although the bassline is a Malka bassline, not a Graham one. And it’s even more
economical than Wire. It’s exactly the same chords on the verse and chorus.
It’s terrible! I was like, What? I’m
surprising myself at how moronic I can be!” Spigel continues, “I get
paranoid — not because I don’t like Wire but because you want to have your own
individuality and be seen as your own personality.” And Githead’s own
personality certainly comes across on Landing,
which Spigel considers a definite turning point for the band: “On Landing we cut away from that crossover.
And that’s intentional.” Newman concurs: “There’s nothing there that
you could really compare with Wire.”

 

But Landing‘s
distinctiveness doesn’t come just from putting distance between Githead and
Wire; there was also a deliberate break with elements of Githead’s existing
sound. Spigel describes a conscious effort to “find ways to subvert how
things have been done in the past.” And Landing had to make a quantum leap from 2007’s Art Pop because Newman had blithely gone around telling everyone
how brilliant it was going to be — long before it was even finished: “Six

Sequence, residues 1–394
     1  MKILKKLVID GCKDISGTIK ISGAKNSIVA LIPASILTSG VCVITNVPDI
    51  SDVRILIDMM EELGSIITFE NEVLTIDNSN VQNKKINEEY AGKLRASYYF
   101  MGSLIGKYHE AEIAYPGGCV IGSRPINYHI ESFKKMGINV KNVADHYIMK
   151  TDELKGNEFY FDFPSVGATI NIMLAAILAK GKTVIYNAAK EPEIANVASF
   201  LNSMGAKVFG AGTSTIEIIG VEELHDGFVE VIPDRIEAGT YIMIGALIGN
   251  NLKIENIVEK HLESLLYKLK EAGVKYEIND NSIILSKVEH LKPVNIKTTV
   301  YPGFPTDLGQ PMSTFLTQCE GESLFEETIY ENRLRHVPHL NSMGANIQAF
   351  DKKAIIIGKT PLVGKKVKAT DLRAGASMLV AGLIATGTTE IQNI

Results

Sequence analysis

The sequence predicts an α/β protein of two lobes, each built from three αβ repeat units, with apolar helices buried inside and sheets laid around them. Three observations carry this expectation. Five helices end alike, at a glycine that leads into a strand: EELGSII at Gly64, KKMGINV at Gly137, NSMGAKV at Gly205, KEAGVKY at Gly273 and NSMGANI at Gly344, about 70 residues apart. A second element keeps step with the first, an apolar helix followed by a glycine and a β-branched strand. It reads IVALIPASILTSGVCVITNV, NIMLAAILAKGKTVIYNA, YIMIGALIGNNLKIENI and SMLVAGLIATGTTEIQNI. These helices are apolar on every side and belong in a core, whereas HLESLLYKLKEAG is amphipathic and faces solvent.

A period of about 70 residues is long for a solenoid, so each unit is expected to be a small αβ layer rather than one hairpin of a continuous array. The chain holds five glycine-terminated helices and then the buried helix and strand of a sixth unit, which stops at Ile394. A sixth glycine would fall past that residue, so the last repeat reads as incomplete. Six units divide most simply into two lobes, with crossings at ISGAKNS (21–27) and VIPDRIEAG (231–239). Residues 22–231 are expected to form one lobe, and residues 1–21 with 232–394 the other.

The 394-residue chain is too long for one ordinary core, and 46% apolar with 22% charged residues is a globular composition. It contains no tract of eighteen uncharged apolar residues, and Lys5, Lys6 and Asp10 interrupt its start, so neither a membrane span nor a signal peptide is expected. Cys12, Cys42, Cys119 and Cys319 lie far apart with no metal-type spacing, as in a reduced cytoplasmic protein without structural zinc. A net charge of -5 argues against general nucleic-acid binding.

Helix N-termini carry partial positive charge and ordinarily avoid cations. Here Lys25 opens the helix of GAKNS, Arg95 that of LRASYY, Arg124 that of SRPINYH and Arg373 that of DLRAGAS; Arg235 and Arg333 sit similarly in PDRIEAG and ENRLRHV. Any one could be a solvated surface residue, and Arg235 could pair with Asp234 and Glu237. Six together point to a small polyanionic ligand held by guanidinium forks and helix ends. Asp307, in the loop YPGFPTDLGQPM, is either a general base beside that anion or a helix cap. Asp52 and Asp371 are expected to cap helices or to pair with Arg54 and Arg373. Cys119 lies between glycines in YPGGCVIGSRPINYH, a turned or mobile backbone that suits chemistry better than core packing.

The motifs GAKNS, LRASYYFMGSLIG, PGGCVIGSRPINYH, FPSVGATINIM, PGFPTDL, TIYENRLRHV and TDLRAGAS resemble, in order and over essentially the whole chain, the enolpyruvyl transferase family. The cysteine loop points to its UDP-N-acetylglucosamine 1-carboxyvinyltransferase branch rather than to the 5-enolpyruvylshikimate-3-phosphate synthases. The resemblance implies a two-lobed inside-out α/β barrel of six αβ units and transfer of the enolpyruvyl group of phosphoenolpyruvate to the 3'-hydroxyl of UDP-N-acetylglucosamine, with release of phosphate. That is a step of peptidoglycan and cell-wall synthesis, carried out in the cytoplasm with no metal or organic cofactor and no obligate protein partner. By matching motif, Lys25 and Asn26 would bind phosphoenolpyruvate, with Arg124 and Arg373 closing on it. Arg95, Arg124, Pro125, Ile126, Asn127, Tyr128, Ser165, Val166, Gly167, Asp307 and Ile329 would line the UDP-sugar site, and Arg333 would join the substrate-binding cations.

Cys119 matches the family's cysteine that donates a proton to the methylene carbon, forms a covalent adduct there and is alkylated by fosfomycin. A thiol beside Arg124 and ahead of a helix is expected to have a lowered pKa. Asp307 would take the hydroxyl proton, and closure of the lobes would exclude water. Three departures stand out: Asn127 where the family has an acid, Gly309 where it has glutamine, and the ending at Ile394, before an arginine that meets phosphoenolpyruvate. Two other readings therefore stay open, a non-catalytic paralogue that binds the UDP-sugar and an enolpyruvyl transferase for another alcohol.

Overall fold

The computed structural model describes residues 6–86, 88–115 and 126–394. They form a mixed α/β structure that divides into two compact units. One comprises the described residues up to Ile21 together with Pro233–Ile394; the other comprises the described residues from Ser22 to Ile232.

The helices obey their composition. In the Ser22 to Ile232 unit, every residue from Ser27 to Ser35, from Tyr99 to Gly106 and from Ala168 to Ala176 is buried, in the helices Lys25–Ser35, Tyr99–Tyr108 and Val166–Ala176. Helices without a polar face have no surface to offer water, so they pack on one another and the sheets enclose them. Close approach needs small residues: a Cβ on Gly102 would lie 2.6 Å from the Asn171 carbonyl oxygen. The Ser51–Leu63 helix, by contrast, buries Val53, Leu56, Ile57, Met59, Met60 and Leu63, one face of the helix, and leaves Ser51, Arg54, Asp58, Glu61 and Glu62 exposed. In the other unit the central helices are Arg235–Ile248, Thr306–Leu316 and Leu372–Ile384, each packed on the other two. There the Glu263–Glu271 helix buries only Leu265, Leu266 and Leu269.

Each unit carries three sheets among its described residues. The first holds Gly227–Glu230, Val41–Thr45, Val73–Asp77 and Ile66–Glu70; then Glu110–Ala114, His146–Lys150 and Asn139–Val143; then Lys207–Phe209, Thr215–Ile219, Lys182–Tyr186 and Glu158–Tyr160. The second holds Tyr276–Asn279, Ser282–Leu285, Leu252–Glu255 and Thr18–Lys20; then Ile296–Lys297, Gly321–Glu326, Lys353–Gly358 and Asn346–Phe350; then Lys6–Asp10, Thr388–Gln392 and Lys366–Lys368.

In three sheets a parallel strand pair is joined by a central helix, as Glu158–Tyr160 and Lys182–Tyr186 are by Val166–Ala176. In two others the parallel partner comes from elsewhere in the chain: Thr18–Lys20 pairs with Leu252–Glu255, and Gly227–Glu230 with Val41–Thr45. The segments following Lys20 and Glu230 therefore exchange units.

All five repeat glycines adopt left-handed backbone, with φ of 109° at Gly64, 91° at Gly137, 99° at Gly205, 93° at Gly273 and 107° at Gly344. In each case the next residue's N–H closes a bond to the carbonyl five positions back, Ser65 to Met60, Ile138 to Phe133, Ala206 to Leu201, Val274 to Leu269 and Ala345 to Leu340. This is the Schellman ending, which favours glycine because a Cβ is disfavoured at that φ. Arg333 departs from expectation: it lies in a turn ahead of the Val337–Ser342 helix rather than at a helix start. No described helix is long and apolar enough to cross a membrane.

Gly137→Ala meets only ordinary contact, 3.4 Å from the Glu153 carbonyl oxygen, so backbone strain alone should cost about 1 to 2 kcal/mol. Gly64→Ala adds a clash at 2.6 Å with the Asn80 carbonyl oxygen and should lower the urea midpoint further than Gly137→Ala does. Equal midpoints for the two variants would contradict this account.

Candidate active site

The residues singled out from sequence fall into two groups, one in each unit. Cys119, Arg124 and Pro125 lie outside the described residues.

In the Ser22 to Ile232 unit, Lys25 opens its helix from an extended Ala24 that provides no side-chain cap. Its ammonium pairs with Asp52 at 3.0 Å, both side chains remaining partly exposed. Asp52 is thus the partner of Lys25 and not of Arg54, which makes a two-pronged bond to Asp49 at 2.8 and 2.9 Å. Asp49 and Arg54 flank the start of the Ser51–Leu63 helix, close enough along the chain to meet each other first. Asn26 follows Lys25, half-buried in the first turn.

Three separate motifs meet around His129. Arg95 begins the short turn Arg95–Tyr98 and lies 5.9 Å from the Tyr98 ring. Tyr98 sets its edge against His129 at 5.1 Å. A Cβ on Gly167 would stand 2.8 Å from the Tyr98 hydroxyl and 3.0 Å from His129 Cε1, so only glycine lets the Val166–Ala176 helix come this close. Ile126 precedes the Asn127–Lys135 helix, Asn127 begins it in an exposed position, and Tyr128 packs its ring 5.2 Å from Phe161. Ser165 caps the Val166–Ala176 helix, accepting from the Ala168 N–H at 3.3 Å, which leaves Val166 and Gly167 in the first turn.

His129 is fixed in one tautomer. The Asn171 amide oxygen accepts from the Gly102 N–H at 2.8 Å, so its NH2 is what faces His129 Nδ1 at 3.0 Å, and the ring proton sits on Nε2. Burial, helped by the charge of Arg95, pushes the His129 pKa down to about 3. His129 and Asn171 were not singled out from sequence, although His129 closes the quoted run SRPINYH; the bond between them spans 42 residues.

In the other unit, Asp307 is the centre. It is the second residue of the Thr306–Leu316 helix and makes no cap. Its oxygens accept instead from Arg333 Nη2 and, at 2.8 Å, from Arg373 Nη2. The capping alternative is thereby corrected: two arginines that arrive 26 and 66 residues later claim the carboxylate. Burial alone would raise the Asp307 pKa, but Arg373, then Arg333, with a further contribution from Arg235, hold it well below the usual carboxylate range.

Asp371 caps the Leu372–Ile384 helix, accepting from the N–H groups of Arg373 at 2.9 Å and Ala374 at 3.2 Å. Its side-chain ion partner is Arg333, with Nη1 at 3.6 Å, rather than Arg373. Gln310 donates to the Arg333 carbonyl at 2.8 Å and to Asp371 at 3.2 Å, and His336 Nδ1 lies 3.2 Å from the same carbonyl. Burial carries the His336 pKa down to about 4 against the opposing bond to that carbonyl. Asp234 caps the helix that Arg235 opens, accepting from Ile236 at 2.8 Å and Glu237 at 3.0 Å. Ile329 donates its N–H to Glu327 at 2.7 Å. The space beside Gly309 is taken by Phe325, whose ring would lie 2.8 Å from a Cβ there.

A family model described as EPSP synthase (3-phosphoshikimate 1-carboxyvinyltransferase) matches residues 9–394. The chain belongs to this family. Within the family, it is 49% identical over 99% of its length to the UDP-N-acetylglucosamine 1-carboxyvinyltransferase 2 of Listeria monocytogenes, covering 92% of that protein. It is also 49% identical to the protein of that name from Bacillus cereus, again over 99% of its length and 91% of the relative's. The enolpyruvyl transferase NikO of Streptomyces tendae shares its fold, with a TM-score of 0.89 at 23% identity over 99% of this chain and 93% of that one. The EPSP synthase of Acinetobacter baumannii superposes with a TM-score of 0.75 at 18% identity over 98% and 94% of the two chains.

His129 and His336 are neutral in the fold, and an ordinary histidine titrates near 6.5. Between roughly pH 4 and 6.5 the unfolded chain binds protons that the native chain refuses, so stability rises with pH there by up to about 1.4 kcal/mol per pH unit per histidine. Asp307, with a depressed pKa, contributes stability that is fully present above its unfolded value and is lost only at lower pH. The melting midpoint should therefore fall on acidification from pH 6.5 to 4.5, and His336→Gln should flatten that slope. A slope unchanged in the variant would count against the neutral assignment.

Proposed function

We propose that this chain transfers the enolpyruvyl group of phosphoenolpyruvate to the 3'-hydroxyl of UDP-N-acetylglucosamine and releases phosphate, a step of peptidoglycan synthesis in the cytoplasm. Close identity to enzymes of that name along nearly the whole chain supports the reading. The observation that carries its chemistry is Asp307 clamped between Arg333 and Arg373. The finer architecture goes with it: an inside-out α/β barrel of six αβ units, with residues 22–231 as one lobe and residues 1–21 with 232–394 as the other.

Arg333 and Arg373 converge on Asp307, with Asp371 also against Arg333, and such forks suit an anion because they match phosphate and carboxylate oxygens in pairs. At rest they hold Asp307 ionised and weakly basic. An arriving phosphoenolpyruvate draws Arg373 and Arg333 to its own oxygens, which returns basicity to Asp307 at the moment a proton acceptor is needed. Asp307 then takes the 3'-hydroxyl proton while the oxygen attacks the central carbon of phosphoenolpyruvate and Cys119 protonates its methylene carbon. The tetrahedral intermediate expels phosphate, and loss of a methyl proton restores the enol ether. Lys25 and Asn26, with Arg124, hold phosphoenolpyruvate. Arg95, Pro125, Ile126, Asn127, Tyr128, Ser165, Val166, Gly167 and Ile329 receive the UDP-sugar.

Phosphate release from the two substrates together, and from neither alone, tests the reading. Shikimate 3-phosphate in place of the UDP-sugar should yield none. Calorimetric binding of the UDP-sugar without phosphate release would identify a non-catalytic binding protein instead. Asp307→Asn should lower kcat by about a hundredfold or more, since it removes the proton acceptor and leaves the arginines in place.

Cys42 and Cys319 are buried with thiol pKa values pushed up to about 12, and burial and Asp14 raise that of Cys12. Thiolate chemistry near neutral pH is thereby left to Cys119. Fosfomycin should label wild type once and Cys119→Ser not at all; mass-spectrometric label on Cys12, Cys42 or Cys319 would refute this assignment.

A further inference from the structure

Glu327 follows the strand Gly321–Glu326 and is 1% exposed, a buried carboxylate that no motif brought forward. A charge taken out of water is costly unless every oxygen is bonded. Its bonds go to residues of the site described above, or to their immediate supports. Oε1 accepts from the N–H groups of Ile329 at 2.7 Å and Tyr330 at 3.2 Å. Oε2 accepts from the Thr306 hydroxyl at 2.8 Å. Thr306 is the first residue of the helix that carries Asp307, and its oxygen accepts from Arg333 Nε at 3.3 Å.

months ago I told people, ‘Watch out — the next Githead album’s going to be
fucking amazing!’ And I had nothing to base that on. There was just a sense
that if it all came together the way it could come together, it would be
fantastic.”

 

The band made good on Newman’s promise. Landing is unquestionably their most
compelling album so far, melodically richer and more textured, the songs
showing a greater sense of space. There’s a very natural feel to much of the
material: the strongest tracks seem effortless and unforced. Newman attributes
this characteristic in large part to Spigel, who defined the album’s guiding
principle: “Malka thought we should make an album that went in a more
organic direction. We allowed it to develop more.”

 

Earlier Githead recordings showed a
fondness for the work of ’70s German artists experimenting at the interface of
electronic and organic musics, but that aspect is even more pronounced on Landing, especially in its stronger
motorik impulse and its fluid, gliding guitar textures — traits that gesture
back to NEU! and Harmonia. Even so, Newman and Spigel are reluctant to talk
about influences. “It’s just a mixture of everything we ever liked, all of
us, and put together,” offers Spigel quite reasonably. They do give a
couple of clues, though. Spigel reveals that Landing‘s “Lightswimmer” was recorded after watching a
documentary on Hawkwind, quickly noting, “The music had nothing to do with
Hawkwind, but something about the feel of how they played.” Newman
suggests another, slightly left-field connection: “The opening chords of  ‘From My Perspective’ remind me of the New
York Dolls’ ‘Personality Crisis'” — adding, with his tongue firmly in his
cheek, “and the album’s all based on Hawkwind. Also, I think that maybe
the Sweet have been one of our major influences. There was someone I was at